This paper analyzes Adua by Igiaba Scego, a female Somali-Italian writer, from the perspective of Gayatri Spivak’s examination of subaltern women’s voice. This paper devotes particular attention to the eponymous protagonist Adua’s monologue. First, the paper examines Scego and Spivak’s concept of subaltern women’s voice. Next, the study argues that the Somali woman Adua can be considered as a subaltern woman according to Spivak’s terms and that Adua’s monologue describes how she has been silenced by both patriarchy and neocolonialism. In addition, this paper explores the setting of Adua’s monologue in a contemporary piazza in Rome. Placing Adua’s monologue in a piazza with a colonial legacy reveals the indifference of contemporary Italy to its history of colonialism.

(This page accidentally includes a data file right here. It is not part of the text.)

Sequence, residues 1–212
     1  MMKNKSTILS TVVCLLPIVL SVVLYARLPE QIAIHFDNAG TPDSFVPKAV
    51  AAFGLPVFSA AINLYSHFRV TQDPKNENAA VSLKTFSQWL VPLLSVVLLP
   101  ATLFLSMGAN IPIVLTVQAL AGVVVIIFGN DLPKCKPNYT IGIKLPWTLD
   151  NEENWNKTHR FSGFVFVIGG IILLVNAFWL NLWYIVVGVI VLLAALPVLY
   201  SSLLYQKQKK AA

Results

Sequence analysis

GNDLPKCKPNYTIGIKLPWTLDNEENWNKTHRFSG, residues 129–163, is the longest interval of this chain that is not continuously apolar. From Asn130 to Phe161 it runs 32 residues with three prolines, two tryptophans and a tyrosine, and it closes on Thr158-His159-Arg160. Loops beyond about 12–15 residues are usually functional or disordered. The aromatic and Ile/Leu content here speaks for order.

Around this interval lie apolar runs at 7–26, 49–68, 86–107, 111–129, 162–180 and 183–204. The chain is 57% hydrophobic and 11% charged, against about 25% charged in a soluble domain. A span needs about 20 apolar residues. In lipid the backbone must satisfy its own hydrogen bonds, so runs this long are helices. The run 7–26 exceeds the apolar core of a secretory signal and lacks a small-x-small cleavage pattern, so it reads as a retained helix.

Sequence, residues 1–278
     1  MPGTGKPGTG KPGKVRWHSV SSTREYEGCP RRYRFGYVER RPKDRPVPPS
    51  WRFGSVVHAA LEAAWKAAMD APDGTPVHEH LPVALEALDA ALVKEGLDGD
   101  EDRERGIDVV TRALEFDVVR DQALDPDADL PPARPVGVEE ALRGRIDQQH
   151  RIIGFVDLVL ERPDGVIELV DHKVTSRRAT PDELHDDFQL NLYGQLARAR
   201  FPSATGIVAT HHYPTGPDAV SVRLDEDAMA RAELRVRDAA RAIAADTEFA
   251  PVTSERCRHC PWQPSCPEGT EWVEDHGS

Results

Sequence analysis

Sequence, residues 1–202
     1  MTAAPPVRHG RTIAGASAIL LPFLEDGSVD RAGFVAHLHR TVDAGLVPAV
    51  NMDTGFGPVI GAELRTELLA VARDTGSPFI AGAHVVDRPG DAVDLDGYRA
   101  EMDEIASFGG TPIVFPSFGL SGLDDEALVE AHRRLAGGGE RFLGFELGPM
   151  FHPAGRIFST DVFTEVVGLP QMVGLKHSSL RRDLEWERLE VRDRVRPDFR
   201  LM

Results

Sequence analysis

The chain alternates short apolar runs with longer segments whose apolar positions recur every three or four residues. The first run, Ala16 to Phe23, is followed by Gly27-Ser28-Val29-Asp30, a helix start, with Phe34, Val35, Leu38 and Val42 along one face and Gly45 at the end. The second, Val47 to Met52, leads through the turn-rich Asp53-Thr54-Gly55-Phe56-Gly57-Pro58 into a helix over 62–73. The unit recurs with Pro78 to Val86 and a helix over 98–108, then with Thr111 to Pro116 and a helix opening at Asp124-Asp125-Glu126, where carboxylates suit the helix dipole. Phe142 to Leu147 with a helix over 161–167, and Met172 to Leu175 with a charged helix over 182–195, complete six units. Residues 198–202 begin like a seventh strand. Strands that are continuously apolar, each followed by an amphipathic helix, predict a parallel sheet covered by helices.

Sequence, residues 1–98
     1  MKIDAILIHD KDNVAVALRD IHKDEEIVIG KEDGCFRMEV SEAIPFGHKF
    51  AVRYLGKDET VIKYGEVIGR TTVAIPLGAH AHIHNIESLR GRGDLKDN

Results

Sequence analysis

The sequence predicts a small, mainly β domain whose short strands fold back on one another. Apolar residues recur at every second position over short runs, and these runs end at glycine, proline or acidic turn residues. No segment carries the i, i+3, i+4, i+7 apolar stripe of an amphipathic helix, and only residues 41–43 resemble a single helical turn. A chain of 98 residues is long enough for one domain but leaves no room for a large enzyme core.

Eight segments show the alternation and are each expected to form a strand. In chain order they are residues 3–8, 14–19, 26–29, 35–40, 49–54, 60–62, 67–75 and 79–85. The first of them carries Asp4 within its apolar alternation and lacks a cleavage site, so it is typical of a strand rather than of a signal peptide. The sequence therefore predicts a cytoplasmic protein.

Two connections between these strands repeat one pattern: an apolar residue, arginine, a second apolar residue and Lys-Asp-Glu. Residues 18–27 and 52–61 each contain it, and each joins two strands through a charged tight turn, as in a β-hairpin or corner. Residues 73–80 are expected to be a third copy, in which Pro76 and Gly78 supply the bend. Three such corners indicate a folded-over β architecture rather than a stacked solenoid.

In doing so, this paper focuses on the subalternity of Adua, which has not been discussed in prior research. This paper further asserts that Adua, as a diasporic woman conscious of her past identity as a subaltern woman, creates a possibility for public discourse on the unheeded history.